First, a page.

Monthly Archives: March 2017

Dr. Karen Foster on Monkeys in Aegean Art and Imagination

2017 Foster Lecture 1

On Thursday March 27th at 5PM in the Rittenberg Lounge of Mather Hall, Dr. Karen FosterĀ  spoke to us about monkeys in Aegean art and imagination: “Karen Pollinger Foster (Ph.D., Yale University) specializes in the art and archaeology of the Bronze Age Aegean, with particular interests in interconnections with Egypt and Mesopotamia and studies of walling painting programs from Thera. Her most recent book, Civilizations of Iraq (2009), co-authored with Benjamin R. Foster, received the 2010 Felicia A. Holton Book Award from the American Archaeological Institute of America. She has recently completed a trilogy dealing with volcanic imagery in art and literature, beginning with the Thera eruption and concluding with the Villa of the Mysteries at Pompeii. Her current major research project involves the final preparation of Strange and Wonderful: Exotic Flora and Fauna in Image and Imagination, a comprehensive study of this material from ancient to modern times.”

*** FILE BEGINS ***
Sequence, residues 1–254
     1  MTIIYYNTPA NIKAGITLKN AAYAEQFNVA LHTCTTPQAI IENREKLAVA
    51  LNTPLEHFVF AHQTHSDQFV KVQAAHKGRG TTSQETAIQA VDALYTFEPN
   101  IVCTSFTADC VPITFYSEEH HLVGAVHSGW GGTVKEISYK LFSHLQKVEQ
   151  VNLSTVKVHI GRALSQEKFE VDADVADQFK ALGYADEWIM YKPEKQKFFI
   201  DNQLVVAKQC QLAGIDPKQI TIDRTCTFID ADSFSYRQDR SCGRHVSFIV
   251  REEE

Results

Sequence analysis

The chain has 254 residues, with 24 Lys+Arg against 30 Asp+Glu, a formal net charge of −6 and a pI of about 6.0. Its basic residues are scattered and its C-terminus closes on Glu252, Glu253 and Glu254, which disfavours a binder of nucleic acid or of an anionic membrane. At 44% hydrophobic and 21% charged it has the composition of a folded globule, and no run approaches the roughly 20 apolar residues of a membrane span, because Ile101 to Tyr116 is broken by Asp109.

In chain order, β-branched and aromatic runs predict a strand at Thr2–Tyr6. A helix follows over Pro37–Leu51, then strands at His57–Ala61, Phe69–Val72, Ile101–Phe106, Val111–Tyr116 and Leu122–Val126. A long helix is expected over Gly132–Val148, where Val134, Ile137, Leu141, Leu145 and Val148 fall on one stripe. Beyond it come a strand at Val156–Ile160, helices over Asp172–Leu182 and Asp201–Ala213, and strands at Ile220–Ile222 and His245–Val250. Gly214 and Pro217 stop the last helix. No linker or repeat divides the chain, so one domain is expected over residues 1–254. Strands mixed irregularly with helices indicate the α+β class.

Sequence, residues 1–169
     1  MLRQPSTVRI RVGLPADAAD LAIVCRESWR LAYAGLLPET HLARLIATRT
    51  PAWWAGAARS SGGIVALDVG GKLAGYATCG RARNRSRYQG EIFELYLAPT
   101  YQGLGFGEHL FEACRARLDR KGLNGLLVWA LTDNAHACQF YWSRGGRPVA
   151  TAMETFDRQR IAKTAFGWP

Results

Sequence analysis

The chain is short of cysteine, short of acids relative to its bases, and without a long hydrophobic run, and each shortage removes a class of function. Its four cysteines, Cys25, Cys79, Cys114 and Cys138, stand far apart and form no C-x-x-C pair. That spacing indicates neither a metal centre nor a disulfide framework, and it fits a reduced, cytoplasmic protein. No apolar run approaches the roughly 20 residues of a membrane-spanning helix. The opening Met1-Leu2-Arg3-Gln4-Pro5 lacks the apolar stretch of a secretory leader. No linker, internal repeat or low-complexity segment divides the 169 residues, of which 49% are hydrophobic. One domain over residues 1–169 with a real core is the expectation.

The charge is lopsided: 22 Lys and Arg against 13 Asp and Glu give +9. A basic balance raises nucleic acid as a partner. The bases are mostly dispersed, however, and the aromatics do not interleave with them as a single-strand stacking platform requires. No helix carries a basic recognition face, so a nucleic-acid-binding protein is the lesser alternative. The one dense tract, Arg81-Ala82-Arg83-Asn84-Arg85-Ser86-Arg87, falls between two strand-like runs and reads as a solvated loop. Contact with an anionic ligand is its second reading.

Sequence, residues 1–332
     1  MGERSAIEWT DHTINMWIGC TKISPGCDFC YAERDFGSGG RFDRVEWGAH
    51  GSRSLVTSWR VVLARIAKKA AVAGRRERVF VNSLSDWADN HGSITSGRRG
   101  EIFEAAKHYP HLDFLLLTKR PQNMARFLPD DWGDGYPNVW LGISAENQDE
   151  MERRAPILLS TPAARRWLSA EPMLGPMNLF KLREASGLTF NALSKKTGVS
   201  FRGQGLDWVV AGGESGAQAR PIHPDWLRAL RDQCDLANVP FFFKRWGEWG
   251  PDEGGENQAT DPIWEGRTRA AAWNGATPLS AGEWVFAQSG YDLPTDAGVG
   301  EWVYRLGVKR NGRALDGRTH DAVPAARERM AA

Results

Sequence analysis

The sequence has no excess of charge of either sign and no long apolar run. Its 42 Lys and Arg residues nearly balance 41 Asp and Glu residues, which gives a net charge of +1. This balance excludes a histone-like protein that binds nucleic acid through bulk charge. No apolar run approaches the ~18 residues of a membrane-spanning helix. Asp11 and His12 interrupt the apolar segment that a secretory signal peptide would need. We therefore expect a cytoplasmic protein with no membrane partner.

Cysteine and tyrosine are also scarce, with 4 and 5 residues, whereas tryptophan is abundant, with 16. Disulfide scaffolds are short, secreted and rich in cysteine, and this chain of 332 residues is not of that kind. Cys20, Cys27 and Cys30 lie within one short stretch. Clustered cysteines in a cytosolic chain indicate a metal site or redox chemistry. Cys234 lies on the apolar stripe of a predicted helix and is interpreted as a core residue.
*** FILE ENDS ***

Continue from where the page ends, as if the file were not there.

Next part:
2017 Foster Lecture 2

Talk by Dr. Bovet-Fischer on Hellenistic and Roman Egypt


On April 23rd 2017 at the Common Hour in Rittenberg Lounge Dr. Christelle Fischer-Bovet spoke to us about “Identifying People in Hellenistic and Early Roman Egypt – A Comparative Perspective.”
“Hellenistic rulers and the Roman government were already exposed to the issue of identifying people for juridical and fiscal purposes. The systems that were used in Egypt at both periods have been variously interpreted and often contrasted. By looking at legal and fiscal documents preserved on papyri, this paper explores how official categories of persons allowed both states to single out groups that were particularly valuable to the state formation process and whose loyalty was essential. It suggests that both systems are more similar than usually thought and that the Roman system in Egypt can be understood as a systematization of developments already occurring in the last century of Ptolemaic rule. However, in contrast to the early period Ptolemaic, this systematization did not create new elites, but rather maintained the privileges of most of the same families.”